by Federico Soldani – 3rd Aug 2021
Topics that readers of PsyPolitics might already be familiar with such as the concepts of power, for instance as discussed by Michel Foucault, the transformation “from citizens to patients” – formulated for the first time in 2019 – or the psychologization and medicalization of the global political discourse are present in the latest book by Richard Horton, a long time Editor-in-Chief of the medical journal ‘The Lancet’.
‘The Lancet’, besides being one of the oldest and most prominent medical journals, has been traditionally the most cited British medical journal and the second most cited peer-reviewed journal in medicine worldwide, according for instance to the bibliographic metric called “impact factor”.
Published initially in June 2020 and seven months later as an “expanded and updated” version, as per the book cover (the publisher’s website also adds “completely revised”) Horton‘s book second edition was published at the end of January 2021: “The COVID-19 Catastrophe. What’s Gone Wrong and How To Stop It Happening Again” (Polity Press).
The second edition includes an Introduction and an Epilogue in addition to the seven chapters already present in the first one as well as topics previously largely or entirely absent such as an emphasis on mental health and psychiatry – see among other examples Horton mentioning of Levy’s “The virus in the age of madness” (2020) – and a final emphasis on “technocracy” a topic previously completely absent that now takes the last four pages of the book and grand finale.
The new Introduction, ends with the quotation of a 1960 lecture delivered in London by French sociologist Raymond Aron entitled “The Dawn of Universal History” and a stance that clarifies Horton’s ideological framework:
“He argued” – Horton writes – “that countries were converging towards one and the same history – a history in which all humankind had access to the same tools. The spread of this industrial society meant, Aron claimed, that the world was moving from a time characterised by division to one defined by unification – ‘the beginning of a united mankind engaged in the only worthwhile struggle, the one for mastery over nature and the wellbeing of all humanity.’ His optimism was premature. The past sixty years have seen neither the diminution of conflict nor the erasure of ideology. But perhaps COVID-19, an acute global phenomenon, will usher in a single universal history. Not the end of history, but the beginning of a new history – one in which humanity will join and act together for the interests of all in the name of all. A dreamy and quixotic imagining? No, I think necessary and inevitable.”
The global nature of the phenomenon under examination is clear since chapter one “From Wuhan to the World”. The next three chapters are about how the 2020 coronavirus pandemic could have happened: “Why Were We Not Prepared?”, then “Science: The Paradox of Success and Failure”, and “First Lines of Defence”.
In the fifth chapter entitled “The Politics of COVID-19” the topic of politics is explicitly introduced. Chapter six “The Risk Society Revisited” is entitled after an expression initially used during the 80s and 90s including by sociologist Ulrich Beck in his “Risk Society: Towards a New Modernity” (a title similar to Aldous Huxley’s “Brave New World Revisited”, an essay in which Huxley re-examined his 1932 dystopia, some thirty years later). The term ‘risk society’ is usually also associated with Anthony Giddens of the London School of Economics who was also a co-founder of Polity Press, the publisher of Horton’s book.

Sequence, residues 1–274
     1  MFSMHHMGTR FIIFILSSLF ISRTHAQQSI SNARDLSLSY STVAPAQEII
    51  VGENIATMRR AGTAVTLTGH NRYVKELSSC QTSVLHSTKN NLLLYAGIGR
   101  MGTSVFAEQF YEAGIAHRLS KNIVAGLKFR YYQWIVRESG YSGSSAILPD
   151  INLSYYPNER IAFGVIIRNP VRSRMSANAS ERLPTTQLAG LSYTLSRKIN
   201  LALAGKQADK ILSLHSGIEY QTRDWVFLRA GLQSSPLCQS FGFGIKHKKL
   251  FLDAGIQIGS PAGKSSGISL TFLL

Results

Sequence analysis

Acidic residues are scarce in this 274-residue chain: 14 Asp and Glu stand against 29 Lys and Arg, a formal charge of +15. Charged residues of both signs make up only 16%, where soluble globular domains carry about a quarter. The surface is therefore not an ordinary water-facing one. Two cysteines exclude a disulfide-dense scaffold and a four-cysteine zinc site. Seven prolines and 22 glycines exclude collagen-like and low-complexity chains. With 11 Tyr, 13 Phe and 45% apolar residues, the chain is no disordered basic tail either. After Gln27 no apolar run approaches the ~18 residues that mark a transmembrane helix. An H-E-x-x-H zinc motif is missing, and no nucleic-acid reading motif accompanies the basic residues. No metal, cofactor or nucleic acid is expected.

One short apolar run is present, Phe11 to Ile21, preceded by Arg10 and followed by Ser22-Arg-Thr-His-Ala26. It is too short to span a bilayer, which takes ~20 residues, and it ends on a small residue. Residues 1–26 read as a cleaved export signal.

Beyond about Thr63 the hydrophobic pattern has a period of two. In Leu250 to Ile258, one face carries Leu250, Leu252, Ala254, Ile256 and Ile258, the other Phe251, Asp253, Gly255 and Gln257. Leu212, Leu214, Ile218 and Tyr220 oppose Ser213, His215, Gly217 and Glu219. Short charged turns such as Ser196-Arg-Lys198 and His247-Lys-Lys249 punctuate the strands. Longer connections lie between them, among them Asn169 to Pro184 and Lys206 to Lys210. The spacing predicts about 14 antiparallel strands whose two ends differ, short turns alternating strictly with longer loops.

A relevant concept not discussed by Horton but present in Beck’s work was that of “cognitive sovereignty”, which is that in a complex interconnected world the ordinary citizen would have to rely more and more on the knowledge of experts instead of his or her own more directly appraised knowledge. A concept that in my view could possibly be better expressed not by resorting to the idea of ‘cognition’ but to that of ‘knowledge’.
Finally Horton warns us about a future that in his book sounds certain in the seventh chapter “Towards the Next Pandemic”.
If he is pointing in the right direction here – as other well connected people appear to reiterate recently – are we then going to be governed not via democratic politics anymore but via medicine and “public health” broadly speaking, including via epidemiology and psychology?
In the first, June 2020, edition there was no Epilogue which instead is present in the January 2021 second edition: in this update the topics of mental health and psychology as well as of technocracy become prominent.
In the second edition of the book Horton also quotes from his own article, a sort of editorial, from an issue of the Lancet in October 2020 entitled “Covid-19: a crisis of power” (in pdf version here) which included a photo of Michel Foucault and an emphasis on Foucault’s series of lectures at the College de France during the 70s and early 80s.
Criticism of Horton’s article was published in PsyPolitics at the beginning of November 2020 in an article – about a 2019 London talk of mine on the rise of medical and psychological global power – largely centred on technocracy: “the (anti)political, technocratic and revolutionary globalist agenda was clearly and unambiguously presented as the one that would have benefitted from phenomena and discourses of mass global psychiatrization. The prospects of ‘technocracy, techno-fascism, scientific dictatorship or totalitarianism‘ were prefigured as the possible outcomes.”
Horton, by writing about Foucault, indirectly highlights the fact that in the Anglophone world Foucault is completely ignored in medical circles. In my experience, for instance, when I sent to some colleagues in academic medicine in Boston the aforementioned 2019 London talk, although the content was largely appreciated, the choice of a Foucauldian approach was criticized as “post modern.” This is in my view a label usually employed, especially in the U.S., to disqualify Foucault’s work as if he did not believe in a distinction between true vs. false facts, seen as basic in modern science in the Anglo-American medical world.
From my perspective, about the knowledge of Foucault’s oeuvre in the Anglo-American medical world, it took me twenty years in the medical and scientific fields, including doctoral studies in Boston and work at the FDA in the Washington, D.C. area as a medical reviewer and epidemiologist, to properly encounter Foucault’s work and to appreciate its relevance to modern medicine and politics. Previously I only heard occasionally about his debate with Chomsky or about his ‘History of Madness’, however usually presented as boring or invalid. I found this hard to believe, especially when I came to know that Foucault is one of the most cited – if not, depending on the metric, the most cited – authors of the 20th century overall. Similar metrics, more recently in 2019, revealed a similar trend.